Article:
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Theory suggests that host-parasite interaction should lead to local adaptation of parasites to their hosts and vice versa. The degree of local adaptation depends on, for example, migration, relative generation time of host and parasite, and the number of host species. Furthermore, in any coevolutionary process, local adaptation of one species is dependent on the evolution of sympatric and allopatric populations of the other species, and the degree of gene flow. The tick Ixodes ricinus is a generalist tick feeding on hosts of a variety of taxa. We contrasted populations of common lizards (Lacerta vivipara) differing in their evolutionary history of exposure to ticks. Juvenile lizards were raised in a common garden experiment. We monitored growth rate, physiological performance, and aspects of immune function in tick-exposed and control offspring. There were no differences in response to tick infestation between host populations, with both sympatric and allopatric hosts showing impaired growth and endurance under parasite exposure. Ticks were marginally more engorged on allopatric hosts (P = 0.06); hence, our results do not support the hypothesis of local adaptation of parasites.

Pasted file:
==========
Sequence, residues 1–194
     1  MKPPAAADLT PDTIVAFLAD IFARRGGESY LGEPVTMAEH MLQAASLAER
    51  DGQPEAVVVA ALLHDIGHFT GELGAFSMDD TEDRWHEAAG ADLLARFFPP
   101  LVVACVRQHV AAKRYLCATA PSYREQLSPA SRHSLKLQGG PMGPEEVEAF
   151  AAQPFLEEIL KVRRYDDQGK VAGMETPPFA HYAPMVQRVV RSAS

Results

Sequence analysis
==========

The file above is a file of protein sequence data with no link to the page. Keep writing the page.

Original publication




Journal article



Publication Date





428 - 432